Today we are going to try and answer the question of, why does my turntable hum only when the needle is on record? We have many guides and articles of suggestions for ways you can fix your turntable and I would suggest you take a look there. However, if you are having this particular issue, we are going to try and figure out what is causing it and give you a few suggestions for how you can fix it.
When Does This Happen?
The reason that I decided to take a look at this issue today was that a friend of mine who is also a vinyl collector had this issue. He noticed that whenever he placed his stylus onto a record there would be this very faint hum. You would have to really listen for it, but once you noticed it you could hear it.
This hum we could not tell if it was or if it was not present when listening to a record as it was so quiet that even when played at the lowest volume, we could no longer hear it. Still, we decided that there must be some kind of issue so we had a look and tried these fixes.
Unplugging It All
In my not so expert opinion, the first step of fixing any kind of “technical” problem no matter if it is with a turntable or any other piece of electrical equipment is unplugging it and plugging it back in. Whenever, you ring any kind of tech support this is 99/100 the first thing they will tell you to do.
So, we unplugged everything (the turntable he was using was a very nice Pro-Ject Xpression Mk III) we then made sure it was all plugged in nice and tight and the hum was there. While this did not get rid of the hum on my friend’s turntable. I would still suggest you try this first if your turntable hums when the needle is on a record.
Trying Different Cables
Ok, I will admit that my buddy and I are kind of weird in that we both have tons of cables, needles, belts, and other accessories for our turntables. My wife will often get mad if she goes up into the attic and there are boxes of cables and turntable stuff all over the place. Anyway, after we tried unplugging everything, we decided to try and use a different set of turntable cables to see if that would get rid of the hum. It did not! The hum was still there which made us think it had to be something on or in the actual turntable.
Moving The Turntable
Ok, so we did not actually move the turntable, but we unplugged all of the other stuff that was near it. My buddy had his turntable in an entertainment center and there was a PlayStation 4, a soundbar, and some other stuff. We tried unplugging it all to see if anything was causing some kind of interference and it was not!
Trying A Different Cartridge
I will be honest and say that my money was on the issue being something to do with the cartridge. We have done a ton of cartridge reviews here on the site, but my friend has a few “spares” we decided to try a couple and the damn hum was still there. What was weird was that the hum was the same no matter the cartridge we used and we actually tried three different ones, not including the one he had on there at the start!
I was sure that his pretty new Audio-Technica VM520EB Dual Moving Magnet Elliptical Bonded Stereo Turntable Cartridge was going to get the job done and fix this issue, but that hum was still there even with this which he had only used a few times!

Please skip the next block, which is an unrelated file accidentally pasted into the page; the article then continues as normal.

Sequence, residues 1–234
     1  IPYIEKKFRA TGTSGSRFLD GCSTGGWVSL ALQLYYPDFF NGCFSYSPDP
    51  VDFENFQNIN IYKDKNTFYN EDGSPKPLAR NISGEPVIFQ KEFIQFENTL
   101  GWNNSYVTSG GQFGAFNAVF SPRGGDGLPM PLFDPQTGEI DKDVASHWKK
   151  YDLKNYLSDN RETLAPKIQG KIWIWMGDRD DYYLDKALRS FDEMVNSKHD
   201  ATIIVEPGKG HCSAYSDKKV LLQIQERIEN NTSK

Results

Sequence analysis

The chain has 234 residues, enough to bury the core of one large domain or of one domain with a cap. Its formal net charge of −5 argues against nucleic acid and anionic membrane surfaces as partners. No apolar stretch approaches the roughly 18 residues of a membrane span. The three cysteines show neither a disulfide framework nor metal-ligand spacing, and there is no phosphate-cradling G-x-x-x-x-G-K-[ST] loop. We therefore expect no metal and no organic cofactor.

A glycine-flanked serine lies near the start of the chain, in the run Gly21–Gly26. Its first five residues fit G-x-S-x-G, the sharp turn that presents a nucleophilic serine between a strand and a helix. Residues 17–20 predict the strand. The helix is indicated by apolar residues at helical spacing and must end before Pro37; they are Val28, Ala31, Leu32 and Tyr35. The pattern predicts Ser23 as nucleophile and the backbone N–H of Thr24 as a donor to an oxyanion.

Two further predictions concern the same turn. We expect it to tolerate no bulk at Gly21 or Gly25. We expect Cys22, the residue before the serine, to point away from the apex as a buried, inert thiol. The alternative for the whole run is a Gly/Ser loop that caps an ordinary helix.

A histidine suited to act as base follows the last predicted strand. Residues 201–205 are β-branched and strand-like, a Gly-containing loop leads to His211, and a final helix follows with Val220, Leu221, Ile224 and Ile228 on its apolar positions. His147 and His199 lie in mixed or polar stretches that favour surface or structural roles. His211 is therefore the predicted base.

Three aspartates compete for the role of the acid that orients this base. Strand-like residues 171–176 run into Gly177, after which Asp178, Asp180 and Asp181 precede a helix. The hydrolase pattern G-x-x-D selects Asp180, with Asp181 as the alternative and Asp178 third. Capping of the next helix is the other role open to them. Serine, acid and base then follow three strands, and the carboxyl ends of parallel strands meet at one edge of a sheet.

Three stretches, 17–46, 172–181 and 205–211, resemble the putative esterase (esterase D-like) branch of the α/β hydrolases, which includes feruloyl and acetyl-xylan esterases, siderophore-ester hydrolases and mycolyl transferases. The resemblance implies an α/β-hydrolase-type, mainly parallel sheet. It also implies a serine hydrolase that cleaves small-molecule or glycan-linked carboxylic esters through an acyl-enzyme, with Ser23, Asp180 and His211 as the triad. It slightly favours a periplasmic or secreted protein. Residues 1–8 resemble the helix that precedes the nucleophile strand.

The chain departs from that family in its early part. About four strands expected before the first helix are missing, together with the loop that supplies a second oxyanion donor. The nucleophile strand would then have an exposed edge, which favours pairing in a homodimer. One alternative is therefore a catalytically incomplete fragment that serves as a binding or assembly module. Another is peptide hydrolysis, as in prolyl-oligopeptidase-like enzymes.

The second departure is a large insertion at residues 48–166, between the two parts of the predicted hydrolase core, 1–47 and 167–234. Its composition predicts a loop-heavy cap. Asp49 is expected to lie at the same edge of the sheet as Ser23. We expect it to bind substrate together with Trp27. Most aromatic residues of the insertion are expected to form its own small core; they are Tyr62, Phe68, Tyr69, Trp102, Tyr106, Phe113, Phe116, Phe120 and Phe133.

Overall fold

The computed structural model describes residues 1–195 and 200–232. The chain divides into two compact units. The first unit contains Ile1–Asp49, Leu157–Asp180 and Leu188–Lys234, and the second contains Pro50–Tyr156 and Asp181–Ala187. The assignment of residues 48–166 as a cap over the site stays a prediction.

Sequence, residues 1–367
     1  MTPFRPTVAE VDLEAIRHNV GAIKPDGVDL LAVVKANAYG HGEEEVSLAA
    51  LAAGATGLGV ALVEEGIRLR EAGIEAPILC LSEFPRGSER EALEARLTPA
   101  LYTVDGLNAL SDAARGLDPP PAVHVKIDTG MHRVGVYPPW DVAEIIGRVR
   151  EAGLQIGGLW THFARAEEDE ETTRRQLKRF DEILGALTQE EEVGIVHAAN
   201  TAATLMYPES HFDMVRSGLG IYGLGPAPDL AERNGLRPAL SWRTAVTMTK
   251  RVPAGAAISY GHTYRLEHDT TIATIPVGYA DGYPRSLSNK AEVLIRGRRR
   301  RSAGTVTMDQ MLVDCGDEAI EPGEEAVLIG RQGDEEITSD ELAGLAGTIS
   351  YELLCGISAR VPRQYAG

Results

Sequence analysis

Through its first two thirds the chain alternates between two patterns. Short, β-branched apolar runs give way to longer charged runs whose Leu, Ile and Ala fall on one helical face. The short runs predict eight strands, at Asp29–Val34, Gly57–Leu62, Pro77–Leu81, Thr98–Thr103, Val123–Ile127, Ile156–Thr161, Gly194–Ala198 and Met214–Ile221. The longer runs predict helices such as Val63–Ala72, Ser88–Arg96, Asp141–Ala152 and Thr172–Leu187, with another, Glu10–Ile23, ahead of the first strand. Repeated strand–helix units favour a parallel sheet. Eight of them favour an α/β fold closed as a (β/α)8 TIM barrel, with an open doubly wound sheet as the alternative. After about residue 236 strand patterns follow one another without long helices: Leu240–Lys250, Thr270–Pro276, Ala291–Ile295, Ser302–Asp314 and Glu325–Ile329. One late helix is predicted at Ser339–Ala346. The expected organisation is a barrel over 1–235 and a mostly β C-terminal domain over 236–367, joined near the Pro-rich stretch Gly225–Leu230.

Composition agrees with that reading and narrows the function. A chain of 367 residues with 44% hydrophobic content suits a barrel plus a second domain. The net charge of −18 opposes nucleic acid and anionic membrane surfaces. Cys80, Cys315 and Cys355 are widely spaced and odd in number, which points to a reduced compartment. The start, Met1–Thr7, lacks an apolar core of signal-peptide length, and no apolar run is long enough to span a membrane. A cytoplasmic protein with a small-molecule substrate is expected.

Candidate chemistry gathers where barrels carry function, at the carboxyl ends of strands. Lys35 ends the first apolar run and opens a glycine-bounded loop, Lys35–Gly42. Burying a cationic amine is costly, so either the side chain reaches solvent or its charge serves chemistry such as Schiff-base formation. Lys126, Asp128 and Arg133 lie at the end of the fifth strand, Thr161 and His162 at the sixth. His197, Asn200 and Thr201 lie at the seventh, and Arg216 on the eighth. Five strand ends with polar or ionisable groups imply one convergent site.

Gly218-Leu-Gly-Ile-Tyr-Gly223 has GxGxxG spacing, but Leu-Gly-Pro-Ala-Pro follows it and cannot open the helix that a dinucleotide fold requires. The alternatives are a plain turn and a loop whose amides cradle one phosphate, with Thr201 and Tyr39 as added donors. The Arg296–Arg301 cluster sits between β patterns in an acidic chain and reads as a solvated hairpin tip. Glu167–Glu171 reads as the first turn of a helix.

Getting Under The Hood
Ok, so I would never in a million years suggest that you start opening up your turntable if you are not confident in doing so. We actually have a few different articles about fixing turntable hum which looks at the more usual and common reasons there could be some humming coming from your turntable. Check those out, as well as what we have looked at here today before you start acting like a mad scientist with your turntable. However, as I say that the problem my buddy was having was under the hood!
As we were trying to fix this, we were both looking on Google for people with a similar problem. We came across one post where this dude said that you could add rubber grommets to the thing that gives your motor the suspension it needs, change the belt and do all this other stuff. Once, we had the turntable “exposed” we both noticed that there was a fair bit of vibration and movement coming from the motor. We removed it, put it back on, and BAM no more humming! Our best guess is that it had come loose after many years of use and just making sure it was reattached firmly fixed the issue.
Should I Ignore It?
I would have to say no. At the end of the day, you could not hear this hum when music was playing. However, who knows if this could have caused problems down the road, problems that would have been much harder and more expensive to fix!
It is one thing if you have spent like 50 bucks on a record player like this Wockoder portable record player I would probably not want to crack this open and mess around with the insides if all I paid for was 50 bucks and the humming was not noticeable when I was listening to music. As at this price, it would be more hassle than it was worth.
On the flip side of this, that turntable my buddy had was very expensive, and even if you have a modern turntable like an Audio-Technica AT-LP120XUSB that thing will have cost you over 200 bucks! At that price range, I would always suggest that if something does not sound quite right, you try and fix the problem sooner than later before it ends up becoming a bigger issue!
You might also want to check out what to try if your tube amp hum increases with volume.